Then there was the other ski chase in The Spy Who Loved Me, which concluded with Roger Moore spectacularly jumping off a cliff. Most of it was shot at St Moritz, though that particular jump was filmed in Canada.

St Moritz, the world’s most famous (and expensive) winter resort, also featured in Goldfinger and For Your Eyes Only — given Bond’s expensive tastes and love of the good life, are you surprised?

Yes, not all of us are as well heeled or adventurous as Bond. But don’t let that keep you from St Moritz, which offers a number of budget hotels, hostels and restaurants. There are even discounted ski packages to be found, if you look around hard enough. If you can afford it, there are many more pleasures — besides designer shopping of course.

Quite literally high up on the list is the funicular railway up to the Muottas Muragl mountain (2,456 metres), which is a popular take-off point for hikes and tobogganing. Many of the hotels here offer packages that include rides on the mountain railways and cableways. If you prefer to simply relax, book yourself a table at the mountain-top restaurant, where you can spend hours gazing at magical views of the peaks and valleys.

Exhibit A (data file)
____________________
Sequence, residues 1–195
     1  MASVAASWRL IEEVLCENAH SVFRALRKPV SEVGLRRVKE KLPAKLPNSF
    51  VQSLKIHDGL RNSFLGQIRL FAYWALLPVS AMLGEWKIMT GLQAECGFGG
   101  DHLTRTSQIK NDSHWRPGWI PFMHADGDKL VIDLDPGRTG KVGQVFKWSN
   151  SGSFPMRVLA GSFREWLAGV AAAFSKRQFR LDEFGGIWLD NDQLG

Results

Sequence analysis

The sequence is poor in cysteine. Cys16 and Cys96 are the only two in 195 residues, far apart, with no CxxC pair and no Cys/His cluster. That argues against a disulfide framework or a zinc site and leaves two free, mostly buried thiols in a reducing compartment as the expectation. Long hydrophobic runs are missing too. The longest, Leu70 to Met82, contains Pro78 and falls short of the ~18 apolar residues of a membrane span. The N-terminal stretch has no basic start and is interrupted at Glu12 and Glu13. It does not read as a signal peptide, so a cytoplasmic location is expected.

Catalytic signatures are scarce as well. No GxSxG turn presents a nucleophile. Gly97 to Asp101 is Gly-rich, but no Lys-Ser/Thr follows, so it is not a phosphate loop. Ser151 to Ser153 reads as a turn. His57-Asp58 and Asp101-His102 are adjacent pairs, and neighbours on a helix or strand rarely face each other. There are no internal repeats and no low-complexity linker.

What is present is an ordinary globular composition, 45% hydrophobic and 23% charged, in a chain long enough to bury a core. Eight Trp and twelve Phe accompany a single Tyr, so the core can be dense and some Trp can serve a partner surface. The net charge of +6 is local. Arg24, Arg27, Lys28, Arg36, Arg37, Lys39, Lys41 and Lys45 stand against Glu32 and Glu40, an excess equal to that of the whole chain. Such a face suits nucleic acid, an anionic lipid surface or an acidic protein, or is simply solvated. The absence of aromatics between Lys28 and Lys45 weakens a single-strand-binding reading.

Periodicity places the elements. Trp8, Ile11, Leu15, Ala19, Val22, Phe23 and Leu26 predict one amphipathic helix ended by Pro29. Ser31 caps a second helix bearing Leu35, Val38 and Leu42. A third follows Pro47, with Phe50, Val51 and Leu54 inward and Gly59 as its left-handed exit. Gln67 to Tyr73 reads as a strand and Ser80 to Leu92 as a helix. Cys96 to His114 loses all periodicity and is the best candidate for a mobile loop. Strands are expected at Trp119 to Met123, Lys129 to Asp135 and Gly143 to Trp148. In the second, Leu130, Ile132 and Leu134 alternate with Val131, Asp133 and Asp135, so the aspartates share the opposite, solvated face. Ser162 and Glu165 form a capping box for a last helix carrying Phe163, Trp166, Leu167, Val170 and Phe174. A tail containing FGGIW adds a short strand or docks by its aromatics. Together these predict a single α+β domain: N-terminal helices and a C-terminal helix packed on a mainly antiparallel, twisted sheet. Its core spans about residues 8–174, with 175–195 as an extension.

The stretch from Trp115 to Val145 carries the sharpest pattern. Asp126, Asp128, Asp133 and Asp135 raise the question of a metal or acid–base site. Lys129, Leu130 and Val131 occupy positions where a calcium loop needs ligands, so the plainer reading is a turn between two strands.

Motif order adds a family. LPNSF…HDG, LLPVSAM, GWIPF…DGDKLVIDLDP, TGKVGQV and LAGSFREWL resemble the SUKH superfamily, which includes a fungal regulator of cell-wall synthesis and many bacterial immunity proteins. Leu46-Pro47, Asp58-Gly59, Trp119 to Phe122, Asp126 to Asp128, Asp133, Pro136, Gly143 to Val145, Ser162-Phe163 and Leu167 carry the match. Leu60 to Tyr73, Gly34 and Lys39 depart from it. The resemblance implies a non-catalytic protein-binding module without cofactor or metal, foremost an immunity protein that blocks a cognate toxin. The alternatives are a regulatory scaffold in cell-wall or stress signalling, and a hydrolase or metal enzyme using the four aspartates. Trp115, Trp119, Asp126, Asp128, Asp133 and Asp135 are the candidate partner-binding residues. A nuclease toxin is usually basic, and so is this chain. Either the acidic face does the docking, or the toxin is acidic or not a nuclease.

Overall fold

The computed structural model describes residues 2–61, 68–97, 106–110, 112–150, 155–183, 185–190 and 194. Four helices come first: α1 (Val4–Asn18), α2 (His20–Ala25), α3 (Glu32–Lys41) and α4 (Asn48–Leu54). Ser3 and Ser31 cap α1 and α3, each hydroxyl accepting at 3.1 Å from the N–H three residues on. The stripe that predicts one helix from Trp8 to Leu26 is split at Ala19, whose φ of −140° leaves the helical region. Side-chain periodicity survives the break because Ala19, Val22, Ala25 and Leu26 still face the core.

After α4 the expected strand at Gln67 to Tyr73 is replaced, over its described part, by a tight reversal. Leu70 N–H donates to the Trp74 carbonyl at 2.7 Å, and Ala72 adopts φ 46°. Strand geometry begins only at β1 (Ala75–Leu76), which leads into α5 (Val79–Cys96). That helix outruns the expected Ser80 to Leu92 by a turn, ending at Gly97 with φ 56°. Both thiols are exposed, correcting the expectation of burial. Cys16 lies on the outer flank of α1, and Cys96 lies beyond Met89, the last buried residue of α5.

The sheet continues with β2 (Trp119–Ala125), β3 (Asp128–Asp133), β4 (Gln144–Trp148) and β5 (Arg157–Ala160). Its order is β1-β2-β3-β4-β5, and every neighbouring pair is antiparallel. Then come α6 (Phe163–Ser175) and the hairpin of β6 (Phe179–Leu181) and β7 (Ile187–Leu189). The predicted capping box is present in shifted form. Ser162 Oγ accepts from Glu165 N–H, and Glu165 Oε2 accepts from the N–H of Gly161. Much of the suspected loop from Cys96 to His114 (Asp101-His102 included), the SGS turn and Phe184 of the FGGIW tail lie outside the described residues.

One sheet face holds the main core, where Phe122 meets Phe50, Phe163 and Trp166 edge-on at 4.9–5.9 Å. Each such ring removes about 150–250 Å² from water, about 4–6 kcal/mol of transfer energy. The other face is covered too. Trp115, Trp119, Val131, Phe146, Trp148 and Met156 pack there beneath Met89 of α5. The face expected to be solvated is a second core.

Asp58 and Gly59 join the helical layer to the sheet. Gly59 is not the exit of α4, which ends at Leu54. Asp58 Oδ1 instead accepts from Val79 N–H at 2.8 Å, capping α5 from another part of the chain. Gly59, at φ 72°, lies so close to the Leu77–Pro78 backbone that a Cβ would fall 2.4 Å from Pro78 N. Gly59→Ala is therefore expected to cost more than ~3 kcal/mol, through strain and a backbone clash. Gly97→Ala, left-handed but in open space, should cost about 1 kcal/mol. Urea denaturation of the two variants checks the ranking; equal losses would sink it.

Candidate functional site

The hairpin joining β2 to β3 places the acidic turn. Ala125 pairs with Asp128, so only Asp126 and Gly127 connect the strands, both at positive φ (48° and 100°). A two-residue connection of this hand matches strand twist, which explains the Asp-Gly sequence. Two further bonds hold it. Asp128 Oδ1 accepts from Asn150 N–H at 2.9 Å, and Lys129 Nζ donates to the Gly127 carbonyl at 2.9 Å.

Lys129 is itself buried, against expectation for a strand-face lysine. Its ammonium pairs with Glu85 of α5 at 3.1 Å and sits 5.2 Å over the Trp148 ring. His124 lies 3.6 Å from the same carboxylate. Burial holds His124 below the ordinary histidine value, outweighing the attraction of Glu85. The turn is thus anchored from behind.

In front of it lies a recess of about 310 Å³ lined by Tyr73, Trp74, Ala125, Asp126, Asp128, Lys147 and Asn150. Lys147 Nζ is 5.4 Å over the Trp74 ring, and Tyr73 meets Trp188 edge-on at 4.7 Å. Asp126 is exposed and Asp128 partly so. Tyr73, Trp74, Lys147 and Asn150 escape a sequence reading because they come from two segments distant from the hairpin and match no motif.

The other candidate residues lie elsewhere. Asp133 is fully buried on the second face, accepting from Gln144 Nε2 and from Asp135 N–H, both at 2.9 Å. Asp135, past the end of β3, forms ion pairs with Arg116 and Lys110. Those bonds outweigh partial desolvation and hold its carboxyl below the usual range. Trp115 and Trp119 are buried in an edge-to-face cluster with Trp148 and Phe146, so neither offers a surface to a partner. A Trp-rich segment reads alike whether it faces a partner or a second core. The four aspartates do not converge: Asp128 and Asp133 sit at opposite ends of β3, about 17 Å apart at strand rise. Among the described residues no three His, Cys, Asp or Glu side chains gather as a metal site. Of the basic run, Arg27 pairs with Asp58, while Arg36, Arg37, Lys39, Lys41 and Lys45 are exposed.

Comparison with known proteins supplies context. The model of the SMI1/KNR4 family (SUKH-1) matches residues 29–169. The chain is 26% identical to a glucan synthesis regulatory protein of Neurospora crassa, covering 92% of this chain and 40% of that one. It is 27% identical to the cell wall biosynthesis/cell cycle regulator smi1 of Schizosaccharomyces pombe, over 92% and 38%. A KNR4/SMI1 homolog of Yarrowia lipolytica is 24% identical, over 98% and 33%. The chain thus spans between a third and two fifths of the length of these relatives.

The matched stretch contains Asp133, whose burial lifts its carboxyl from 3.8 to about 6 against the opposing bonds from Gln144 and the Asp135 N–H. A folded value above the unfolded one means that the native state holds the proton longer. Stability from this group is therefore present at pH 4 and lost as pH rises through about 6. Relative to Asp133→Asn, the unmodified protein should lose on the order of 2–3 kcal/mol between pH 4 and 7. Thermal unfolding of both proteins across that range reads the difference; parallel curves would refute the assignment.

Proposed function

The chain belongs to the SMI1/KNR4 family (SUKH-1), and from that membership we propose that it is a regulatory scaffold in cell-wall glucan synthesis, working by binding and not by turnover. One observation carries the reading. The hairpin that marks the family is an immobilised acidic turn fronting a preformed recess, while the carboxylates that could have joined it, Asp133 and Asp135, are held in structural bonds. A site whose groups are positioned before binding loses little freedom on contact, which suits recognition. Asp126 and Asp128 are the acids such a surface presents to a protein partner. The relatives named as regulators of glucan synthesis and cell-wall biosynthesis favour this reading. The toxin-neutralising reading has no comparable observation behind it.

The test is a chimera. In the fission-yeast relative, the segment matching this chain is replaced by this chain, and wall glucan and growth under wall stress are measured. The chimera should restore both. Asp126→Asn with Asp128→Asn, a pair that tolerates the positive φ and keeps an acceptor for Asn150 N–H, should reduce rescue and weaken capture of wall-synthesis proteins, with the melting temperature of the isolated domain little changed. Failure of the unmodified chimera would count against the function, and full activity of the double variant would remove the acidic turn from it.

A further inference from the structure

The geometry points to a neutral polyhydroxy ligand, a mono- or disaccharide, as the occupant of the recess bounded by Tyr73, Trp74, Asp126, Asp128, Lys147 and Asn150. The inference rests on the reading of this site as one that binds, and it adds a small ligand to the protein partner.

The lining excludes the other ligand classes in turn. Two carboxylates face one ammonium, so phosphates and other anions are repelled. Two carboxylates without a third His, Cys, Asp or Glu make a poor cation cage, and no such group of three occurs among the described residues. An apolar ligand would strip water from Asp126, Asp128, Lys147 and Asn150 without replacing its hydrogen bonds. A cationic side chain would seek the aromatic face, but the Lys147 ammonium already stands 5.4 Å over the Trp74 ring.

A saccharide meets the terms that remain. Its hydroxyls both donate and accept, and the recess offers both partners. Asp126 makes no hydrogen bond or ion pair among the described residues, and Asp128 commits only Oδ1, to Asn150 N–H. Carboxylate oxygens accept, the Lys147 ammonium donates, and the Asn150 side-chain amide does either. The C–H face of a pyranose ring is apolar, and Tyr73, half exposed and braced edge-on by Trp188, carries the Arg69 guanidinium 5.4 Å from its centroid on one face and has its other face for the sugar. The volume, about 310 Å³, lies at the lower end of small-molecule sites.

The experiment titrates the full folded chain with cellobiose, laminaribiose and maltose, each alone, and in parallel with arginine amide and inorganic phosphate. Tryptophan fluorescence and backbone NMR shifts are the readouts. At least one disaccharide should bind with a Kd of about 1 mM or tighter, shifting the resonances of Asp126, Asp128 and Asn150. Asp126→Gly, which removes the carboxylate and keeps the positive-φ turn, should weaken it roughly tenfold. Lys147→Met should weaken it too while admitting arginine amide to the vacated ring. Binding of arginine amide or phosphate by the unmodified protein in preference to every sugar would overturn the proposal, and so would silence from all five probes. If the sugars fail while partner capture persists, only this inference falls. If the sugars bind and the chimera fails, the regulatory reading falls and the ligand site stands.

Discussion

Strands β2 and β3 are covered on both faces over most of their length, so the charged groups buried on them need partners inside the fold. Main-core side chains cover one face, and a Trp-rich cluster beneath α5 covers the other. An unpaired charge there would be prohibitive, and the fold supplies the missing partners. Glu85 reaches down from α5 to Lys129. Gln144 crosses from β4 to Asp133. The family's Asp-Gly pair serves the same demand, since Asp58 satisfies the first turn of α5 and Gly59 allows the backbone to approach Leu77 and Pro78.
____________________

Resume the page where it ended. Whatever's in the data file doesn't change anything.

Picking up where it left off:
Get off the skis and into Bond’s iconic Aston Martin, and you might recall the car chase in 
Goldfinger, with Tilly Masterton and 007 chasing Auric Goldfinger. This was shot in the Furka pass, one of the most scenic points in the Swiss Alps, which oversees a splendid view of winding roads set amid majestic mountains.

Other Hollywood movies have come to Switzerland too, naturally. In Syriana, for instance, George Clooney is shown at the President Wilson, Geneva’s famous luxury hotel. 
Clooney’s character in the movie may not have visited Geneva’s most famous landmark, the Jet D’Eau, set in Lake Geneva — but you can. As one of the world’s biggest fountains, with a jet shooting 140 metres into the air at 200km/h, it’s visible throughout the city.

Pride in precision

You can also take a cruise round the lake or see Geneva’s other big attraction: the much-photographed flower clock in the Jardin Anglais. It has over 6,000 flowers and plants, and their colours and patterns change with the season. Since we’re talking about a country that prides itself on its watches and punctuality, the flower clock tells the time with Swiss precision. And its seconds hand is said to be the world’s longest, at 2.5 metres.

If you like walkabouts, stroll through the old town for a slice of history (including philosopher Jean Jacques Rousseau’s house). Picnic in one of the many beautiful parks or buy some art in Carouge, the artistic and bohemian quarter. Buy a Swiss watch if you’ve got the francs left.